Minimally Mutated HIV-1 Broadly Neutralizing Antibodies to Guide Reductionist Vaccine Design.

TitleMinimally Mutated HIV-1 Broadly Neutralizing Antibodies to Guide Reductionist Vaccine Design.
Publication TypeJournal Article
Year of Publication2016
AuthorsJardine JG, Sok D, Julien J-P, Briney B, Sarkar A, Liang C-H, Scherer EA, Dunand CJHenry, Adachi Y, Diwanji D, Hsueh J, Jones M, Kalyuzhniy O, Kubitz M, Spencer S, Pauthner M, Saye-Francisco KL, Sesterhenn F, Wilson PC, Galloway DM, Stanfield RL, Wilson IA, Burton DR, Schief WR
JournalPLoS Pathog
Volume12
Issue8
Paginatione1005815
Date Published08/25/2016
ISSN1553-7374
Abstract

An optimal HIV vaccine should induce broadly neutralizing antibodies (bnAbs) that neutralize diverse viral strains and subtypes. However, potent bnAbs develop in only a small fraction of HIV-infected individuals, all contain rare features such as extensive mutation, insertions, deletions, and/or long complementarity-determining regions, and some are polyreactive, casting doubt on whether bnAbs to HIV can be reliably induced by vaccination. We engineered two potent VRC01-class bnAbs that minimized rare features. According to a quantitative features frequency analysis, the set of features for one of these minimally mutated bnAbs compared favorably with all 68 HIV bnAbs analyzed and was similar to antibodies elicited by common vaccines. This same minimally mutated bnAb lacked polyreactivity in four different assays. We then divided the minimal mutations into spatial clusters and dissected the epitope components interacting with those clusters, by mutational and crystallographic analyses coupled with neutralization assays. Finally, by synthesizing available data, we developed a working-concept boosting strategy to select the mutation clusters in a logical order following a germline-targeting prime. We have thus developed potent HIV bnAbs that may be more tractable vaccine goals compared to existing bnAbs, and we have proposed a strategy to elicit them. This reductionist approach to vaccine design, guided by antibody and antigen structure, could be applied to design candidate vaccines for other HIV bnAbs or protective Abs against other pathogens.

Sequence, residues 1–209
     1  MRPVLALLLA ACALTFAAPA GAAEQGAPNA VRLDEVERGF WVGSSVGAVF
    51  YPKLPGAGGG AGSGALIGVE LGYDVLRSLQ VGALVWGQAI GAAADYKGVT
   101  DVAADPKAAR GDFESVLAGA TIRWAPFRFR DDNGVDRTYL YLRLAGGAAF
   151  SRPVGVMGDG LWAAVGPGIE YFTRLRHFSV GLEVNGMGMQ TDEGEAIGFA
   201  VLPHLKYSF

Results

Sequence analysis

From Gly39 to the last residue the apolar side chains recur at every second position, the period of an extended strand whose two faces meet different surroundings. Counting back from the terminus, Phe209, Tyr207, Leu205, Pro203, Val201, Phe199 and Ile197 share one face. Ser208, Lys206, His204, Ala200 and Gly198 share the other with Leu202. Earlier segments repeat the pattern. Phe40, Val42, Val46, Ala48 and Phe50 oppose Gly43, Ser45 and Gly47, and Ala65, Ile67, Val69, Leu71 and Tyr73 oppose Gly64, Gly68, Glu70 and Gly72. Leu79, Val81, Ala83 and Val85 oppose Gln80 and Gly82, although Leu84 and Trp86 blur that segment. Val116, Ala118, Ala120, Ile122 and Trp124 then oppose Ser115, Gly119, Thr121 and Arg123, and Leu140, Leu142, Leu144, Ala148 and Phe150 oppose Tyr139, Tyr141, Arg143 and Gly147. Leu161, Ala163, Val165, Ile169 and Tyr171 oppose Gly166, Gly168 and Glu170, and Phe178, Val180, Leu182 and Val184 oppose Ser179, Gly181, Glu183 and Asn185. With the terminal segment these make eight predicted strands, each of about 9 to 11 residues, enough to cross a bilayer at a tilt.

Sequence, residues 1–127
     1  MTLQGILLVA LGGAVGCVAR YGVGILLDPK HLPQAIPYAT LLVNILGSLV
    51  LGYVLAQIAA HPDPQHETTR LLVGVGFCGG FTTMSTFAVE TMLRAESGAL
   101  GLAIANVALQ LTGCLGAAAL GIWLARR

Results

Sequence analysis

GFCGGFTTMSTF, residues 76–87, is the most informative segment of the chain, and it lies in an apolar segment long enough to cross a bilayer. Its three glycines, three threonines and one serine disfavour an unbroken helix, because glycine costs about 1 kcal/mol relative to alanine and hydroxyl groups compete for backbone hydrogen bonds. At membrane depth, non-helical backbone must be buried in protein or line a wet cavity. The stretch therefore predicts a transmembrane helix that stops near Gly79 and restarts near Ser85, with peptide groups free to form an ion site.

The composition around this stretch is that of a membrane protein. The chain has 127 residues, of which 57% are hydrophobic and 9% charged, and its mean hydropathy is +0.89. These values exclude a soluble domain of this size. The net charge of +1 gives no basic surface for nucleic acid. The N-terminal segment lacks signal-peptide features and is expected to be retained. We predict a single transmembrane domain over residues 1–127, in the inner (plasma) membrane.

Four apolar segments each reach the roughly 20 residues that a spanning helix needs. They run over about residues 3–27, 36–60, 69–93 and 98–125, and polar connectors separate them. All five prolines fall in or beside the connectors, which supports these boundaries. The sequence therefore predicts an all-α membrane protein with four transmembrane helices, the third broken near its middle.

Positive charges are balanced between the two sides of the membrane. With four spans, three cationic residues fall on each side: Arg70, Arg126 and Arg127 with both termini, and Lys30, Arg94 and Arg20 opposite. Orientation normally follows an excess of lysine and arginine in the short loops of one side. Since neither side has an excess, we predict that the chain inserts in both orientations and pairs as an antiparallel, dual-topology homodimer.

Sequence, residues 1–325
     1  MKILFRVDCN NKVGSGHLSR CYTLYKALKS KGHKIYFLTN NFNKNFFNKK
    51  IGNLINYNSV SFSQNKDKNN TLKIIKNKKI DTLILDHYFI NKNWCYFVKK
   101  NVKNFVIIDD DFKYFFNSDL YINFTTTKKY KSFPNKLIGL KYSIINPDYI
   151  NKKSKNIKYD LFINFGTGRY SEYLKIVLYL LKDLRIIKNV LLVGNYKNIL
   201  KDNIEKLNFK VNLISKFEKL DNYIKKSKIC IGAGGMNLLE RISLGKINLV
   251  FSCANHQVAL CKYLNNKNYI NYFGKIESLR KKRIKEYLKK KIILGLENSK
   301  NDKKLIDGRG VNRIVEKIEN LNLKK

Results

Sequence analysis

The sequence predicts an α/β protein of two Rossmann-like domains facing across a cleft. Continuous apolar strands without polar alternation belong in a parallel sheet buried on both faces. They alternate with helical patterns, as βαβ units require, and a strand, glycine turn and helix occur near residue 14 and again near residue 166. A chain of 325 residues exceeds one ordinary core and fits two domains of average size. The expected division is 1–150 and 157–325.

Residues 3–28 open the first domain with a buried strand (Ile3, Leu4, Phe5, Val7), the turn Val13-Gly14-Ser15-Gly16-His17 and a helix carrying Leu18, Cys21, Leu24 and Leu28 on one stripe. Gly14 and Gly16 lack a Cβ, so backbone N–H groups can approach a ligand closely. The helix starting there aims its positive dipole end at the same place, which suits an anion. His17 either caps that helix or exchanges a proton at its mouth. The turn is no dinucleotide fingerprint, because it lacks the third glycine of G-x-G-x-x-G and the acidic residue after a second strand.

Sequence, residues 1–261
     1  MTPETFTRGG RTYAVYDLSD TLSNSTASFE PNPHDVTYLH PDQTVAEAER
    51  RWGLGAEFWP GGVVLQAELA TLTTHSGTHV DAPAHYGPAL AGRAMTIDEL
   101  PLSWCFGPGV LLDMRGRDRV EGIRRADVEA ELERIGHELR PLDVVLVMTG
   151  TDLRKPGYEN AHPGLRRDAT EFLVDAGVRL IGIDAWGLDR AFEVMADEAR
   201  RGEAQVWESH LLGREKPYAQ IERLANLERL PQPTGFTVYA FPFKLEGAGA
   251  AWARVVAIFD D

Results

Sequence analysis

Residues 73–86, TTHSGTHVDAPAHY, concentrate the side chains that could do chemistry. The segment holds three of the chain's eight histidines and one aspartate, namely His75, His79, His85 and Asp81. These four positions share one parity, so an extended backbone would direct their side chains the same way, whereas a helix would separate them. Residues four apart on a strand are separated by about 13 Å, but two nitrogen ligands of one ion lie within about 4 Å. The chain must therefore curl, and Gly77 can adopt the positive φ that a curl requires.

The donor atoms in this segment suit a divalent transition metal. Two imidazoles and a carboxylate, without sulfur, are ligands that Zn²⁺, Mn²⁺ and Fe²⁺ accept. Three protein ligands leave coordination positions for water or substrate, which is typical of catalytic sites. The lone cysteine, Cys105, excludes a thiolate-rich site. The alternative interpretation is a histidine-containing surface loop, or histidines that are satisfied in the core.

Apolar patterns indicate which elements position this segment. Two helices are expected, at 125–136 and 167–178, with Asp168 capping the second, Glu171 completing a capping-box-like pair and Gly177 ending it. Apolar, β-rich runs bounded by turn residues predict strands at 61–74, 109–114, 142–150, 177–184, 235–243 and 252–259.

DOI10.1371/journal.ppat.1005815
Alternate JournalPLoS Pathog.
PubMed ID27560183
Grant ListP01 AI110657 / AI / NIAID NIH HHS / United States
R01 AI084817 / AI / NIAID NIH HHS / United States
UM1 AI100663 / AI / NIAID NIH HHS / United States
CHAVI-ID: 
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